We always used to go for a drive in the night of Diwali just to have a feel of the festivities going around in the city lit with various kinds of illumination and crackers and it definitely helped forgetting the term “darkness” atleast for a moment. But this drive also used to expose us to lot of poor and less fortunate children without even the basic dress on them searching the roads and pavements trying to pick some un-burst crackers and jumping in inexplicable joy when they find a single piece of cracker. It is an irony that despite the illuminations and light all around, these children are still not able to fight their darkness. We all know that you cannot measure darkness and it is most striking only when there is light all around.

If you visit T.Nagar in Chennai or for that matter any shopping center in India now, you would find that demand far exceeds supply and people are ready to spend any amount of money to celebrate this festival. In this scenario, I don’t think I would be asking for too much if each of the shops collect a small cess from the customer, on each purchase made and use the amount collected to provide some new clothing and cracker to the underprivileged children, so that they do not remain in darkness atleast for this one day in an year, when the whole world around them is illuminated.

This work can also be done by some voluntary organization by collecting donations through house to house campaign, but the fact remains that when it comes to donation many of us would think twice to give that extra rupee at the same time, we would not mind paying even ten rupees extra to get our choice of dress material. So sometimes a shopkeeper can collect ten rupees from a particular customer as cess, where we can get only one rupee in the form of donation.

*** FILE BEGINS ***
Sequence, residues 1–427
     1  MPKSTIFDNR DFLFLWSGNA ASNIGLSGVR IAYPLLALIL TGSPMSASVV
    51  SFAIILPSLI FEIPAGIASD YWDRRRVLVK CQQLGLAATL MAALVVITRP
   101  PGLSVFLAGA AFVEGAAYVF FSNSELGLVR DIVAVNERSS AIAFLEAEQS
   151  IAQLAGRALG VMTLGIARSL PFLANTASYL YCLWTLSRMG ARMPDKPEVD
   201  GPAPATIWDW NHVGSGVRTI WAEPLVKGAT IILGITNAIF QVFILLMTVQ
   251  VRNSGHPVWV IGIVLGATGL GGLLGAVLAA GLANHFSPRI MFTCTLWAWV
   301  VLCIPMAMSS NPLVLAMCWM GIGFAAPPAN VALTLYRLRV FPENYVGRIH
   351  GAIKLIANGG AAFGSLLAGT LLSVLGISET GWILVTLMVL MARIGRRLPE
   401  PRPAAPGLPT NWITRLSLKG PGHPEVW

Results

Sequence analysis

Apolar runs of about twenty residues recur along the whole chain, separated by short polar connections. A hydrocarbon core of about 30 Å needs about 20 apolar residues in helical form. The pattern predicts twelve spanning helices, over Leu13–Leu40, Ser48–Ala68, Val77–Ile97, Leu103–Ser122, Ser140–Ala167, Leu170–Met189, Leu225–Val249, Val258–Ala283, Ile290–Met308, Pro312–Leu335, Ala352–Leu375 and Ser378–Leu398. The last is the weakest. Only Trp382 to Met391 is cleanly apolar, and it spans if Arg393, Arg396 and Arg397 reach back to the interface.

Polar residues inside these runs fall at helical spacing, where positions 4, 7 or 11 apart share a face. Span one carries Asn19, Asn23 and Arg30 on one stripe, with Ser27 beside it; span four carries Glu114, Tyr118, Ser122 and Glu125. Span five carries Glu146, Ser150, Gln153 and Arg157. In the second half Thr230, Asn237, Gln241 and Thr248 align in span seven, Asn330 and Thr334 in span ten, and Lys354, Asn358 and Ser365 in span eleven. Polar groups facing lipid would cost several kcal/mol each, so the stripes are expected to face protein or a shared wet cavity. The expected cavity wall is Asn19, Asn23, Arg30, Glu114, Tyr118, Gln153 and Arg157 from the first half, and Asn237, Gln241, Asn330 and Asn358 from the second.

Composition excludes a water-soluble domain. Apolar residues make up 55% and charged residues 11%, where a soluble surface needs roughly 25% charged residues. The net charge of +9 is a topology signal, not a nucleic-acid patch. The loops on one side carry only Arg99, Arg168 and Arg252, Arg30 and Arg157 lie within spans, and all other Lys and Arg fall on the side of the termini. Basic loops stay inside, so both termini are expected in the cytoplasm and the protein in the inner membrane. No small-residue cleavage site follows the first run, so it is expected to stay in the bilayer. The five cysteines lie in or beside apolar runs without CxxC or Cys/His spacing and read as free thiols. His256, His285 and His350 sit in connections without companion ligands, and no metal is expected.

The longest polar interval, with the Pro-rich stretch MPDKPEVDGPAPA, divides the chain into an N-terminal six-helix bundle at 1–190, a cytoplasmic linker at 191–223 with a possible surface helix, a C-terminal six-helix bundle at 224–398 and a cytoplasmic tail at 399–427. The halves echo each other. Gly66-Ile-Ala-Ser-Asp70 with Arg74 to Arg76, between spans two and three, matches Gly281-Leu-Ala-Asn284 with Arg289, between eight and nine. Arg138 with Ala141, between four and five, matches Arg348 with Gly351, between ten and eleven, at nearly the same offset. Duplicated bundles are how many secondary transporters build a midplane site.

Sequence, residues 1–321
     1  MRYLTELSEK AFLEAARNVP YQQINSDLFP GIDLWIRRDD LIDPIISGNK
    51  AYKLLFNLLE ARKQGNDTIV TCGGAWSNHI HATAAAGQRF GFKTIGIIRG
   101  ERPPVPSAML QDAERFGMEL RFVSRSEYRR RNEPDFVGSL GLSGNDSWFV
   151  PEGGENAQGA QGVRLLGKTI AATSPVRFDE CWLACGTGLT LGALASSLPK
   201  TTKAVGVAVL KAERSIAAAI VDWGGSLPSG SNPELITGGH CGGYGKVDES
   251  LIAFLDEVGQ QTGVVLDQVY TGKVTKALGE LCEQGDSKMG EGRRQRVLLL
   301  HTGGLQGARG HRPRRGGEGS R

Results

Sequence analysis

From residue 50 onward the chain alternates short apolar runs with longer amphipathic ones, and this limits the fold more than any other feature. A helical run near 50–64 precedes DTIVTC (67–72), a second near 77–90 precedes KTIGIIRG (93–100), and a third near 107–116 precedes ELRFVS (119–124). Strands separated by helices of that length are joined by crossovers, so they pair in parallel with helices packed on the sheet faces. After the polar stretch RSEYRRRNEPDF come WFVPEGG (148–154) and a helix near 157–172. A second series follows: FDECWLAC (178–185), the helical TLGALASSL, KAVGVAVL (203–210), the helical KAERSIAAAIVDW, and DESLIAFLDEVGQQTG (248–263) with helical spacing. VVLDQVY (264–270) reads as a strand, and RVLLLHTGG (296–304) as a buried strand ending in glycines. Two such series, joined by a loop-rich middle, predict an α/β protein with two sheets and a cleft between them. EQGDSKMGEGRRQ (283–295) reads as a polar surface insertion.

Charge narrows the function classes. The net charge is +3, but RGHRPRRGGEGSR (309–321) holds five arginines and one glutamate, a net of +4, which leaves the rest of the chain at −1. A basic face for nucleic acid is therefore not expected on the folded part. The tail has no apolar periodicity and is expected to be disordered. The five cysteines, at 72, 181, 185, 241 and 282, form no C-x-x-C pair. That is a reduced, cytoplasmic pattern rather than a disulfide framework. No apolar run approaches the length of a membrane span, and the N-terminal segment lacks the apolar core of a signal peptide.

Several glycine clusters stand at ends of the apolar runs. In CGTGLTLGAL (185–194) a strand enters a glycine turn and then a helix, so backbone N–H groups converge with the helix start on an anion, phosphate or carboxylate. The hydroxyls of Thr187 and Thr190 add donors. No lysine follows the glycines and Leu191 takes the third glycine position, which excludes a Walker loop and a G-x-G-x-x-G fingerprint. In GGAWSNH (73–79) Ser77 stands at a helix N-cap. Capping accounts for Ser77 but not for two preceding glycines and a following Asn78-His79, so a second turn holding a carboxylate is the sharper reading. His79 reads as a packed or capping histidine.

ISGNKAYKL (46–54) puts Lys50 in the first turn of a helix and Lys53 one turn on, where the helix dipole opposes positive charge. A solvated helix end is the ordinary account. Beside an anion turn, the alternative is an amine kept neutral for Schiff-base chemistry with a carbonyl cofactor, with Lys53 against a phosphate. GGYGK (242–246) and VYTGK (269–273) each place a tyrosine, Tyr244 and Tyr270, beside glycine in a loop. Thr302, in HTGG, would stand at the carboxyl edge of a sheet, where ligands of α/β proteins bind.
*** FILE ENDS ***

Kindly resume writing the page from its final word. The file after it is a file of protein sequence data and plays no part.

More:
For those interested in reading novels from new and fresh authors, please visit this blog : randomexpressions.rediffblogs.com, created by Deepak Jaiswal. There is also a link to this blog from my site.

I am not a very frequent reader of novels since most of my time is occupied in Law Journals but still I found a whiff of fresh ideas and lateral thinking in the narration of Deepak Jaiswal, a novelist in the making. His short narration or short story (I may be excused for the wrong terminology) titled “HATE – A Love Story” published in his blog on the 29th October,2004 has all the ingredients required to make a good reading.

I think Deepak is ideally using the blogsite as a platform not only to showcase his talents but also to groom it in the right direction with the help of some good constructive comments from the fellow bloggers who should also ideally be voracious readers.

My best wishes to you Deepak for success in your endaevour and I think your success would be a value-addition to concept of blogging, which is already growing versatile by the minute.